MEA Joint Secretary T.S. Tirumurti acknowledged that the Government of India (GOI) denied a Burmese request for military equipment
129067, 11/07/2007 13:17,07 NEWDELHI 4898, Embassy New Delhi, CONFIDENTIAL, 07SEC STATE144933, "VZCZCXRO0355
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INFO RUCNASE/ASEAN MEMBER COLLECTIVE IMMEDIATE
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TAGS: PREL, PGOV, PHUM, BM, IN
SUBJECT: MEA SILENT REGARDING PUBLIC DECLARATION OF BAN ON
ARMS SALES TO BURMA
REF: SECSTATE 144933
Classified By: Political Counselor Ted Osius for reasons 1.4 (b and d)
1. (C)SUMMARY: MEA Joint Secretary T.S. Tirumurti acknowledged that the Government of India (GOI) denied a Burmese request for military equipment but did not comment on PolCouns' suggestion that the GOI announce the decision publicly. Tirumurti reported that three Burmese recently arrested in Manipur for illegal entry were neither economic migrants nor asylum seekers but traveling to train at a madrassah in Uttar Pradesh. He rejected the need for UNHCR access to asylum seekers, noting that the GOI was ""quite capable of doing it ourselves."" Tirumurti confirmed that the Ministry of External Affairs (MEA) is assiduously pursuing various development projects to open up ASEAN trade routes to the northeastern states including:
-the Kaladan Multi-Modal Transport Project, which includes the USD 103 million Sittwe project;
-a Tri-Lateral Highway in cooperation with Burma and
Thailand. END SUMMARY.
----- GOI mum on public announcement of arms sales ban to
2. (C)On November 6, PolCouns urged MEA Joint Secretary (Bangladesh, Sri Lanka, Burma, Maldives) to follow up on the GOI commitment to cease arms sales to Burma with a public statement, declaring that it would signal to Burma that its neighbors are not willing to carry on business as usual with the junta. Tirumurti did not offer a comment, but noted that External Affairs Minister Pranab Mukherjee sent a letter to Burma's acting Prime Minister urging that Special Envoy Ibrahim Gambari be afforded ""maximum broad-based access"" to leaders in Burmese society and reminding the regime that national reconciliation must be broad-based.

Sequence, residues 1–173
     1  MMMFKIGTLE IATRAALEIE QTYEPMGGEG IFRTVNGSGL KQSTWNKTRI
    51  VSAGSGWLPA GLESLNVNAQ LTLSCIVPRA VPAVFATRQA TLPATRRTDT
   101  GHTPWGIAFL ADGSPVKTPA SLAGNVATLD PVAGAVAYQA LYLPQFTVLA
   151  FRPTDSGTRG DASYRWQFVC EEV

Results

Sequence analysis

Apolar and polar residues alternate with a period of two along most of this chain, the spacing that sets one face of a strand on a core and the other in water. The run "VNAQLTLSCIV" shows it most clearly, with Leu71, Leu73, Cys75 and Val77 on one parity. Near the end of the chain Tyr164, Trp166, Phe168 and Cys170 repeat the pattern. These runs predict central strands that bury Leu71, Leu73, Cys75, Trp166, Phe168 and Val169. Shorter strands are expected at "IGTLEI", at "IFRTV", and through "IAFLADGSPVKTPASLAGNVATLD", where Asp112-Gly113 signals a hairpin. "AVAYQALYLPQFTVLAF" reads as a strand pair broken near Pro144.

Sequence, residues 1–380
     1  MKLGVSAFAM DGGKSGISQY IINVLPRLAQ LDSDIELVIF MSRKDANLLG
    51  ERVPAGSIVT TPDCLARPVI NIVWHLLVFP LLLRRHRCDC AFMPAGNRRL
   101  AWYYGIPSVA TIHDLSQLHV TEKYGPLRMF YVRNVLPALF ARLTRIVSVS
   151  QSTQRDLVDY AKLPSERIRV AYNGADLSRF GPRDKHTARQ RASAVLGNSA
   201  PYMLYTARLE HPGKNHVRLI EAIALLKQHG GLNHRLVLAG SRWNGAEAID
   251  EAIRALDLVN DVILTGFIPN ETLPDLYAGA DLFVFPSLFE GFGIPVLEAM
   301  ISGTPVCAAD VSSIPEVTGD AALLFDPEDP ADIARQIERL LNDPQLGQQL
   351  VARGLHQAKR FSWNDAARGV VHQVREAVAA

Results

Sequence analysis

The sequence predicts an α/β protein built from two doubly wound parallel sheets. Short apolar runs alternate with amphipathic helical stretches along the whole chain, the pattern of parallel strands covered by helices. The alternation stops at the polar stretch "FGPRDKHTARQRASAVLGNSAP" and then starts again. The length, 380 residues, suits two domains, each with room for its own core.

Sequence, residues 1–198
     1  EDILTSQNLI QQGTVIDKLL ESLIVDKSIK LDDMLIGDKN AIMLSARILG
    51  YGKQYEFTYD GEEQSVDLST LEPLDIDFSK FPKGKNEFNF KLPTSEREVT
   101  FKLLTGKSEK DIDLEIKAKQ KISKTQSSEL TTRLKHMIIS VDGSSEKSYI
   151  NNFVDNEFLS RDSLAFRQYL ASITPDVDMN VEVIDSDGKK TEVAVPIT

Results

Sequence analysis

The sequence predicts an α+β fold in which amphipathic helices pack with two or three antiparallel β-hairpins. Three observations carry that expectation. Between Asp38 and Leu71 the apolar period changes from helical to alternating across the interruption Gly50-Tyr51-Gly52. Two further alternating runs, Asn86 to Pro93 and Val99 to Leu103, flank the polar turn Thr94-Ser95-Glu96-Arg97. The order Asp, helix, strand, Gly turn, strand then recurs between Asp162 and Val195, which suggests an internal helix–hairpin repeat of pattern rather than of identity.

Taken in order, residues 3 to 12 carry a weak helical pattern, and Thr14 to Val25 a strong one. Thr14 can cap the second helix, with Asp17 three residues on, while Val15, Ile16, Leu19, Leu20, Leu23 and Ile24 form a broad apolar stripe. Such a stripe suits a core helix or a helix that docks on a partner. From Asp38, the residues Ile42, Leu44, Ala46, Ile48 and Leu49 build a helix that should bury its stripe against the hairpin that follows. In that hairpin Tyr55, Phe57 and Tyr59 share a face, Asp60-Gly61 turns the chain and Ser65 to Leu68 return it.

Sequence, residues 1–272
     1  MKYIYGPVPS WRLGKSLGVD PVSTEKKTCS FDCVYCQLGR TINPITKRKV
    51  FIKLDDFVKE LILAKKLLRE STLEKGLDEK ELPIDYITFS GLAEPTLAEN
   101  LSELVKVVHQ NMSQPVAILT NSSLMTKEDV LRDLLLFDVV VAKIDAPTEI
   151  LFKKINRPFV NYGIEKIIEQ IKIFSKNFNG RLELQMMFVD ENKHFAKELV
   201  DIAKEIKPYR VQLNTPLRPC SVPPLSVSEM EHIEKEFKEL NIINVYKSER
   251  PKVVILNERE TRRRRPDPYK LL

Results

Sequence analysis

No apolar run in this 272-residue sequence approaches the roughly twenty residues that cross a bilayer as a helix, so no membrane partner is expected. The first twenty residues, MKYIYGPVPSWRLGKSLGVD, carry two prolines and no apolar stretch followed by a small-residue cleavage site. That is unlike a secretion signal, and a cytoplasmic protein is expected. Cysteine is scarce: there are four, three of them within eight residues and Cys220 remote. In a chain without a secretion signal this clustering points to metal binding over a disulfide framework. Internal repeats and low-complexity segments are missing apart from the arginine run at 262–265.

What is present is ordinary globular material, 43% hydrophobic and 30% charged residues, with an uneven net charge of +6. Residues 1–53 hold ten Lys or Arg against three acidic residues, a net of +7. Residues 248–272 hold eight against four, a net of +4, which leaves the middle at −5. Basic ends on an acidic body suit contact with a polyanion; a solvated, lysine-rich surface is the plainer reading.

----- India will not allow UNHCR access to possible asylum
3. (C) Responding to PolCouns' pressure to grant UNHCR access to Burmese asylum seekers (reftel), Tirumurti said that the GOI foresees no mass influx along its India-Burma border and commented that ""we are quite capable of doing it ourselves (assessing the status of asylum seekers). The UNHCR has no role there."" He defended India's stance regarding refugees, noting that it has accepted hundreds of thousands of refugees from Tibet and Sri Lanka. Tirumurti declared that, after speaking with Ambassador Mulford, Foreign Secretary Shiv Shankar Menon had instructed him to investigate the recent case of three Burmese held on the Manipur/Burma border for immigration law violations and reported that the subjects were neither economic migrants nor refugees. He said that they were religious students going to train at a madrassah in Uttar Pradesh, and had tried to enter India illegally.
----- Two projects running through Burma offer connectivity to the northeastern states -----
4. (C) Addressing MEA's involvement in the economic development of the northeastern states, Tirumurti reiterated that opening up trade routes to ASEAN for the northeastern states was an important focus for the GOI. He declared that the Kaladan Multi-Modal Transport Project deal was near completion, and the GOI was ready to begin work. He also commented that the GOI was pursuing a Tri-Lateral Highway that will connect the northeast to Thailand. He explained that, although the complete project had yet to be costed, the proposed road construction would connect the Imphal- Moreh road in India's northeastern state of Manipur with Mae Sot, Thailand, passing through Mandalay and Bagan. Tirumurti conceded that the extent to which the two projects would develop as trade routes was ""a leap of faith.""